“Well, you are certainly the first in the field, and I suppose if I wish to have my night’s rest, I had better say ‘yes,’ at once.”

Chaser turned to the pen and ink on the dressing-table and began to write.

“Won’t you take my word?” said Lord C——.

“Why, you know between man and man I should prefer your word to anybody’s; but, as a minister, I should like to have your signature to this.”

Lord C—— laughed, and put his autograph to the formal promise Chaser had written out.

“And now I won’t disturb you any longer.”

“Thank you; come to breakfast.”

“I shall be most happy. Adieu.”

And Chaser returned to the hotel, gave orders that he should be called at eight, and went comfortably to bed.

Mr. Scenter arose at six in the morning. To tell the truth, notwithstanding the fatigue of his journey, he had not been able to sleep. At six then he arose, and arranged himself carefully for an interview with the great man. It is strange how careful men are upon these occasions, although, upon cross-examination, they would aver that their personal appearance could make no difference to the result of their application. On reflection, Scenter would have felt that his chance might have been strengthened, if he could have become an Eton boy once more; but that a round jacket and ink-stained trousers would scarcely become a corpulent gentleman with a bald head. Nevertheless, during his drive to Lord C——’s, he was tormented by a hole in his glove, and anathematised the laziness of London hosiers, whose shops were not likely to be opened for some hours to come. He arrived at Lord C——’s at seven. He had the advantage of being known to the servants, for he had dined at the house more than once, when he was last in town. He was informed that Lord C—— would be down at half-past nine, and a douceur obtained the promise that he should be shown in before any one else.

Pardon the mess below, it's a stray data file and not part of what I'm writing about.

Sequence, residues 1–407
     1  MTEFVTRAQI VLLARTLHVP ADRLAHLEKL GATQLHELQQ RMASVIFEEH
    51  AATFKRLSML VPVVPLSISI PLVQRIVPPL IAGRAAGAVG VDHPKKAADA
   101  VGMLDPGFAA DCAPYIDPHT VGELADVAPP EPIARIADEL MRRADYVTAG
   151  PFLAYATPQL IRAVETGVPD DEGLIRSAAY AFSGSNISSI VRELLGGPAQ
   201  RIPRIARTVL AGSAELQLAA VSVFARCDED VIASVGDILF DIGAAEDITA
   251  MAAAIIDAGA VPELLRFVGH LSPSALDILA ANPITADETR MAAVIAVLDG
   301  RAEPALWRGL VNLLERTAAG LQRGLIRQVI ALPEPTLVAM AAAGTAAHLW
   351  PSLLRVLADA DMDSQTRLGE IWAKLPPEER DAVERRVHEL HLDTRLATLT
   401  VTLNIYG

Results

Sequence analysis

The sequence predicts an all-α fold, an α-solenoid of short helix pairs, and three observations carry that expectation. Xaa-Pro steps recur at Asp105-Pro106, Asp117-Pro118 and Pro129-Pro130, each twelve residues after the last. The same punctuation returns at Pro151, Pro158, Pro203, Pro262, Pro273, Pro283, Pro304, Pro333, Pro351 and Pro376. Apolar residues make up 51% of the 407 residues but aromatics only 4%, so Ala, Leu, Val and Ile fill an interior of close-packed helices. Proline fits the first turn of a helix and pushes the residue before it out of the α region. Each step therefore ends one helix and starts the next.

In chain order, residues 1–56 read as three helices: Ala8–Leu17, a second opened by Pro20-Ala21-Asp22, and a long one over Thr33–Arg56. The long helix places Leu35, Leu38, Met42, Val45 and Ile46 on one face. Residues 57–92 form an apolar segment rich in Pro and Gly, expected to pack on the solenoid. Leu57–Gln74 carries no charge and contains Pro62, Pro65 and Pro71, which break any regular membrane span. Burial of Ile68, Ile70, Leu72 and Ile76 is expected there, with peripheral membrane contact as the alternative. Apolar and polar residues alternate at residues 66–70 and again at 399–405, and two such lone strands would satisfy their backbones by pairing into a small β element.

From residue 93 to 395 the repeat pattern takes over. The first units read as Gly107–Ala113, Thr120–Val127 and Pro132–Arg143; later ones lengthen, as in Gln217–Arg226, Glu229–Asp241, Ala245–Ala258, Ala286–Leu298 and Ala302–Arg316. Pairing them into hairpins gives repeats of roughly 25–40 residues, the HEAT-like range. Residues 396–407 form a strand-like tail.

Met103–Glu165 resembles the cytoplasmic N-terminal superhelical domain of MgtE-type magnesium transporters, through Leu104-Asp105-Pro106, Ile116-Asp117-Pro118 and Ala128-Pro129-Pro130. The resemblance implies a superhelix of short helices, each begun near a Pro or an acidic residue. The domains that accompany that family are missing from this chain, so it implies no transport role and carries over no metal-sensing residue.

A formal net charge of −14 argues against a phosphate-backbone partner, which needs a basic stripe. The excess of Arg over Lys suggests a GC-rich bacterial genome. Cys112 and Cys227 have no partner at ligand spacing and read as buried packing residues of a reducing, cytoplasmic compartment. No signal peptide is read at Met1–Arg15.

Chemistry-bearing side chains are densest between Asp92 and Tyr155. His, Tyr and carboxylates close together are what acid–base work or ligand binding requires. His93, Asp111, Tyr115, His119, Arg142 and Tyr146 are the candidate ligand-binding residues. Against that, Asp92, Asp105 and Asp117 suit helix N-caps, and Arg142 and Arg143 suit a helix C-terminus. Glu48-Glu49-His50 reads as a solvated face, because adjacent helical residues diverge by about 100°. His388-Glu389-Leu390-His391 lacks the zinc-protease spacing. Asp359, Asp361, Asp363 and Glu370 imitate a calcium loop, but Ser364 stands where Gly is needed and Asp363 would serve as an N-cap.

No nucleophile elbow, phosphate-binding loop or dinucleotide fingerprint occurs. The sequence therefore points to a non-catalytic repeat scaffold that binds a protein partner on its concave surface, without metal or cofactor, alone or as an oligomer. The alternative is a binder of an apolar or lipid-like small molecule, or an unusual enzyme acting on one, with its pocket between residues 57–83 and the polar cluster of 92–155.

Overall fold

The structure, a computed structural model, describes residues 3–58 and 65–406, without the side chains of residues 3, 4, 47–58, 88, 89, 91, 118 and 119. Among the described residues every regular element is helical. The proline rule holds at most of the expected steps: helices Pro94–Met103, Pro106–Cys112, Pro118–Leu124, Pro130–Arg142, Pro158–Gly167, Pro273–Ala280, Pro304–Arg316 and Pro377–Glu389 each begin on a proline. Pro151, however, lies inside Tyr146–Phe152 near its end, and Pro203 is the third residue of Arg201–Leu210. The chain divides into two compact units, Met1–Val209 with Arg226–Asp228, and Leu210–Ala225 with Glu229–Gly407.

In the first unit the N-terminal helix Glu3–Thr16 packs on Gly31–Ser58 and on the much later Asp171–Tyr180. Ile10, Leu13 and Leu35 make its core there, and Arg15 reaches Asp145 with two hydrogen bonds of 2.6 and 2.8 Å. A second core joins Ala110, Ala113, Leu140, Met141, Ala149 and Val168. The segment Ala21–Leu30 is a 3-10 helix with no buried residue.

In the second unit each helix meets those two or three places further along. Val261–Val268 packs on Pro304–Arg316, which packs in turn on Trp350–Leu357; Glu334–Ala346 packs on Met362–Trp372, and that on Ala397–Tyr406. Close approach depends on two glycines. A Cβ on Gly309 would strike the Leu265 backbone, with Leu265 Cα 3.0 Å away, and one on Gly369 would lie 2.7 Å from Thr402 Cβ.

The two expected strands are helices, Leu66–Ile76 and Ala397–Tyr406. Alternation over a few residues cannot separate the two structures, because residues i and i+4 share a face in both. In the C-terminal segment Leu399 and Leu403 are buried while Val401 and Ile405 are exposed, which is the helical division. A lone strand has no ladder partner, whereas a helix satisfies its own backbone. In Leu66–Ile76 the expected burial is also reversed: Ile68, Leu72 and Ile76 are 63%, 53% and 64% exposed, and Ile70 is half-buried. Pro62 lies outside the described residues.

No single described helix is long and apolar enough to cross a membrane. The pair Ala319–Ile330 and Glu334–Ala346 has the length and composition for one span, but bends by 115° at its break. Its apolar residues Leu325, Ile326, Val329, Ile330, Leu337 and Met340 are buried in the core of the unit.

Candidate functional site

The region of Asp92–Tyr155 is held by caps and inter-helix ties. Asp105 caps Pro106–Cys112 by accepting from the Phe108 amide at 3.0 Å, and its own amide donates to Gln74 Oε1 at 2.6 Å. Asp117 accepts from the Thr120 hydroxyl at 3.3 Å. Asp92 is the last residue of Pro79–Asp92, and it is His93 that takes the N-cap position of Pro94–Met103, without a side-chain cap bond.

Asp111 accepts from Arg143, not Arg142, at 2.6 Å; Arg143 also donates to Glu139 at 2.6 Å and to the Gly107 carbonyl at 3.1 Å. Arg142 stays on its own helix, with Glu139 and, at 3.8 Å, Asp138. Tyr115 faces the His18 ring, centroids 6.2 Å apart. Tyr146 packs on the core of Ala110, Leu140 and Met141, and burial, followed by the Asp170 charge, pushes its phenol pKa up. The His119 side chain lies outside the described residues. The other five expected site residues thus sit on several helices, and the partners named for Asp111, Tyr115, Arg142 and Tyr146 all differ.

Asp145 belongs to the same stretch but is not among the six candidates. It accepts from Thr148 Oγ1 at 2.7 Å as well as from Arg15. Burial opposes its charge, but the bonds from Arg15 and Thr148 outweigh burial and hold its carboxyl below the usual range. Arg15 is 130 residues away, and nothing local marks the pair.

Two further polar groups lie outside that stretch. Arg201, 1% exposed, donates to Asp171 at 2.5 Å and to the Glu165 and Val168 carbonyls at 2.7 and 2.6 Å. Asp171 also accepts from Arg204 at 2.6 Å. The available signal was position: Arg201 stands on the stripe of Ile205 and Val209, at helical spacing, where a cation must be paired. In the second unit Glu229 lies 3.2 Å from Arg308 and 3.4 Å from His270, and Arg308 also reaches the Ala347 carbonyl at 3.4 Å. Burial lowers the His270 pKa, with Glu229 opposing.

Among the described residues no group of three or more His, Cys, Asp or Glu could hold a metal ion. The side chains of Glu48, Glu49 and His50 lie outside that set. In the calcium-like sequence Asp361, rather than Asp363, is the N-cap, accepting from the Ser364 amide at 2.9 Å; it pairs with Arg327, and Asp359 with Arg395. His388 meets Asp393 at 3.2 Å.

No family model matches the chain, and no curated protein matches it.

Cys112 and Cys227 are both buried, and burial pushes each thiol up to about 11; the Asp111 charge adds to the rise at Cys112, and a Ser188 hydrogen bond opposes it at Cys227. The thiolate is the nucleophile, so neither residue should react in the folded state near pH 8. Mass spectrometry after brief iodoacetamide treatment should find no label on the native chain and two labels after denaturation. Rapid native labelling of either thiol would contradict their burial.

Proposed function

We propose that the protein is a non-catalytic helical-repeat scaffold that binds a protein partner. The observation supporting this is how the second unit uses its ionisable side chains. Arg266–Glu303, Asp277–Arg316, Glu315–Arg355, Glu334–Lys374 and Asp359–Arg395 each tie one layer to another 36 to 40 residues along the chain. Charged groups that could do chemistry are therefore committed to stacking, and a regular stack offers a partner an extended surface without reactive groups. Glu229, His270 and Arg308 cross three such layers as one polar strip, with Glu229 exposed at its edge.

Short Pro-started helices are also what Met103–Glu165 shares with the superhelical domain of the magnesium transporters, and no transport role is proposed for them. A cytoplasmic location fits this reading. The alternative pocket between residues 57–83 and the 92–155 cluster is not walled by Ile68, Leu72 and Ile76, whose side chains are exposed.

This promise was faithfully kept. As Scenter waited in the library he was surprised that he saw nothing of his friend. He comforted himself with the reflection that the servants might possibly have kept him in the hall.

As the clock struck the half-hour he was ushered into Lord C——’s presence.

In a very few words he stated the fact of Filliter’s death, and asked for the appointment.

“I am very sorry,” replied Lord C——, “I should really have been very glad to have obliged you, but it is already promised.”

“Promised!” said Scenter. “Why, he only died at nine o’clock yesterday morning.”

“It is more than promised,” replied Lord C——, “it is already given away. In fact, I have affixed my signature to the appointment.”

“Then I will not detain you, my lord.”

“You had better stay and have some breakfast.”

Alas, Scenter did not feel equal to breakfast at that moment. Therefore he declined the invitation, unwisely, for he might have heard of something else; and there were many other appointments for which he was as fit as he was for the control of the hampers and carpet-bags at Shortpond.

He departed sorrowfully. It is to be feared that if there was one crumb of comfort on which he allowed his imagination to feed, it was on the belief that Chaser had been equally unsuccessful.

Of this morsel he was destined soon to be deprived. As he descended the steps of the house he met Chaser coming up.

“It is no use,” he said to that gentleman, “you are too late.”

“For breakfast?” inquired Mr. Chaser.

“No, for the appointment; it has been given away.”

“Yes, to me,” observed Chaser, “at four this morning.”

After this the conversation was not prolonged.